Chapter 2, "Ornament, Style, and Space," begins with the question of whether Gothic architecture is best defined formalistically or ideologically--as the result of technical innovation or the outgrowth of intellectual concepts (his treatment of the topic elsewhere suggests that Recht sides with the latter). Most of the chapter, however, is dedicated to considering various explanations of artistic style, from those rooted in psychology to structuralist treatments of the representation of space in Western art. The latter subject returns focus to the medieval, though the full import of the discussion does not become apparent until Recht's final chapter, in which he argues that the Gothic cathedral cultivated a way of seeing that led to the development of three-dimensional perspective in Renaissance painting.
In part 2, "An Introduction to the Art of Cathedrals," Recht considers the various kinds of art objects that furnished these Gothic spaces, beginning with reliquaries and monstrances. Here he makes the intriguing argument that the size and openness of Gothic churches was motivated by "the increasingly overt demand by the congregation to the see the Host at the moment of consecration" (p. 70). This demand resulted from the increased emphasis placed on the doctrine of the real presence of Christ in the Eucharist, specifically the notion of transubstantiation, and the accompanying liturgical action of the elevation of the host. The dates of these doctrinal developments coincide nicely with the rise of Gothic architecture, from the first indications of veneration of the sacrament in the mid-eleventh century through the adoption of the term "transubstantiation" at the Lateran Council of 1215. Architects and artisans responded to the need to look upon Christ's true body by building open spaces unhindered by internal columns and, eventually, crafting monstrances to display the sacrament for public adoration. In creating these vessels, artisans followed the older model of reliquaries. Recht associates this desire for the visual particularly with the theology and preaching of the Franciscans, inspired by their founder Francis of Assisi's emphasis on visual testimony--particularly on seeing Christ in the Eucharist--and on making the central message of Christianity visible through one's actions. Throughout the rest of his discussion, Recht returns to the work and ideas of the Franciscans as a prime mover in later medieval religious art.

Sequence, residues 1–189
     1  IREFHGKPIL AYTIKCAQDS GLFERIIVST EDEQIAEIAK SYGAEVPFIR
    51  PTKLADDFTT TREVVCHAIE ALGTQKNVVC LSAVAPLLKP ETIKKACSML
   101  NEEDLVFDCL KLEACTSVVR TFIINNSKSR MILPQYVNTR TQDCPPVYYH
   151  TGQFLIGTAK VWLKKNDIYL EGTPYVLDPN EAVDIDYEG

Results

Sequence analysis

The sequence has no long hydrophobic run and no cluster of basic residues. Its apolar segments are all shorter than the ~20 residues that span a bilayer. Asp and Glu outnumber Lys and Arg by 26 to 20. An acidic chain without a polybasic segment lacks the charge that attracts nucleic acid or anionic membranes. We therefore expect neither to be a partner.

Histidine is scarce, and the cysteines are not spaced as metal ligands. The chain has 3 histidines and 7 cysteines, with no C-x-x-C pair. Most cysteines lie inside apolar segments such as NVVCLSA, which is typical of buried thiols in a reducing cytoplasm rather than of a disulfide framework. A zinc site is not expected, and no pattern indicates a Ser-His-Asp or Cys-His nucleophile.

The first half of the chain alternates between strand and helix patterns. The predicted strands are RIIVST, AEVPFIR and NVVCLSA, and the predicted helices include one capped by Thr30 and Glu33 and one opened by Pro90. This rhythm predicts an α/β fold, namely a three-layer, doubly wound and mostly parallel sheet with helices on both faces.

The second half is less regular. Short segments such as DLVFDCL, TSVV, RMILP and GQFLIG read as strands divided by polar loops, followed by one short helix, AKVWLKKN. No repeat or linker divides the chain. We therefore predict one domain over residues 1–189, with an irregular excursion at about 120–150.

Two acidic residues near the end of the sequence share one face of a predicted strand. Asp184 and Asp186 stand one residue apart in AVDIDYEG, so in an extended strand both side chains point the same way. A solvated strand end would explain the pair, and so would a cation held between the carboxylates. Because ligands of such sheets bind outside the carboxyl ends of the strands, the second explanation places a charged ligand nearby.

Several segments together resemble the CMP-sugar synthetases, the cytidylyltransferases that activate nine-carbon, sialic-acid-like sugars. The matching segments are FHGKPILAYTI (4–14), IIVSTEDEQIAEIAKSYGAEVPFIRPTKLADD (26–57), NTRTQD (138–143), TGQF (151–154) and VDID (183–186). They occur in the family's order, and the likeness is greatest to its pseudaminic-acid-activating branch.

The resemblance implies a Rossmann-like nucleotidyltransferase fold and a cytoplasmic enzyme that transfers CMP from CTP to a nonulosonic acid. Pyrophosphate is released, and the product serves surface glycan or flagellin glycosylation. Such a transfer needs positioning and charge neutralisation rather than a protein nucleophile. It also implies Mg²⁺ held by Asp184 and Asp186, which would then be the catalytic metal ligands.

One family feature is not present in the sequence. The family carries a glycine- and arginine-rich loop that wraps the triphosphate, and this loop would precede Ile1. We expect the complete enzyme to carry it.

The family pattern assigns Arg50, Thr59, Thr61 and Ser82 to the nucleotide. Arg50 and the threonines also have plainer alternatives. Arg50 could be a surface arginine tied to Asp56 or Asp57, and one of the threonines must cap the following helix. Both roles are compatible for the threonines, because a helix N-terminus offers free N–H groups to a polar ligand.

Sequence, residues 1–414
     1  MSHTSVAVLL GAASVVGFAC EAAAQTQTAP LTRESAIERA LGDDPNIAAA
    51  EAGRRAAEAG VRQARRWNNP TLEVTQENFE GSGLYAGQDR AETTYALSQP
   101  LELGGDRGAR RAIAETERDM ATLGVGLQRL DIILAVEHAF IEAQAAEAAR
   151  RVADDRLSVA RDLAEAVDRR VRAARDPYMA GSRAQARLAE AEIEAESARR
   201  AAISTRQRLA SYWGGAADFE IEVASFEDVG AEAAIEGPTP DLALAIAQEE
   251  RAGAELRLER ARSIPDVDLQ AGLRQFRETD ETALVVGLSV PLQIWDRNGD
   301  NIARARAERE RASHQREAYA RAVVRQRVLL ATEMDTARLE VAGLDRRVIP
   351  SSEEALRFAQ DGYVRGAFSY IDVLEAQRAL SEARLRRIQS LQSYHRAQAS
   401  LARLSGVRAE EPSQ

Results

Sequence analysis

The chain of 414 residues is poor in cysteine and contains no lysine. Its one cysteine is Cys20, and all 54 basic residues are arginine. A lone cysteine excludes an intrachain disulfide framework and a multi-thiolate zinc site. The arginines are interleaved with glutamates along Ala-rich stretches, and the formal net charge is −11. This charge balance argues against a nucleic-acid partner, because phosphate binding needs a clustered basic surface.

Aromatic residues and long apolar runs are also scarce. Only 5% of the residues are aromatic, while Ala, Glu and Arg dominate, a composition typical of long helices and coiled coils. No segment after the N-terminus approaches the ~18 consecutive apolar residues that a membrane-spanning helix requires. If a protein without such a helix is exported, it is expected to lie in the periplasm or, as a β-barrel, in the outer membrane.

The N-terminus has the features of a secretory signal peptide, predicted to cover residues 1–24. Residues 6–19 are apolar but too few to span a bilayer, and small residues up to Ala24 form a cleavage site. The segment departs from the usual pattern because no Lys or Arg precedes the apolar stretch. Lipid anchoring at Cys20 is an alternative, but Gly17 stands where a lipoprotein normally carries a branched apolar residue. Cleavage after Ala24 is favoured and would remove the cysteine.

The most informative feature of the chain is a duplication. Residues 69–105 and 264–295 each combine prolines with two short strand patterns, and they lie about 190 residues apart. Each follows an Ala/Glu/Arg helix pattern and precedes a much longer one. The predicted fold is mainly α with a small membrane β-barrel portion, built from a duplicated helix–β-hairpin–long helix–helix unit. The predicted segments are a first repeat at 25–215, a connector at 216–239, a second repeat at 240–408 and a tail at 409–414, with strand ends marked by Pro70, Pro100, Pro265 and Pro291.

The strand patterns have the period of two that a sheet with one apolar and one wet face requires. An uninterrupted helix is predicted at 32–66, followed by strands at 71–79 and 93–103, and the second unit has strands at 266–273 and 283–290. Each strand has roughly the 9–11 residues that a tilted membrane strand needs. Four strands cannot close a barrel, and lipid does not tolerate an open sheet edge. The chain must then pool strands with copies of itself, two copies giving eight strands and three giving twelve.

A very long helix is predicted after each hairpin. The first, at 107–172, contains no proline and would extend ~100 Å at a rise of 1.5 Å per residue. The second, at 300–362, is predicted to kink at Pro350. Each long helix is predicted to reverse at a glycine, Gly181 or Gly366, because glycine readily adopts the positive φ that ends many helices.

The saintly relics preserved in ornate art objects provide an analogy to the self-conscious preservation and display of earlier architecture by Gothic renovators. In chapter 4, "Architecture and the Connoisseurs," Recht relates cases of Gothic building and restoration projects designed to showcase preexisting structures, such as Abbot Suger's renovation of Saint-Denis, which provided a Gothic enclosure for the Carolingian crypt. Juxtaposing the old and the new, Recht argues, "gave the new architect a place in a tradition and also allowed the true age of the church to be seen" (p. 115). As this quotation suggests, Gothic architecture gave the architect an increasingly important role in guiding the construction of complex buildings designed to create spectacular visual effects.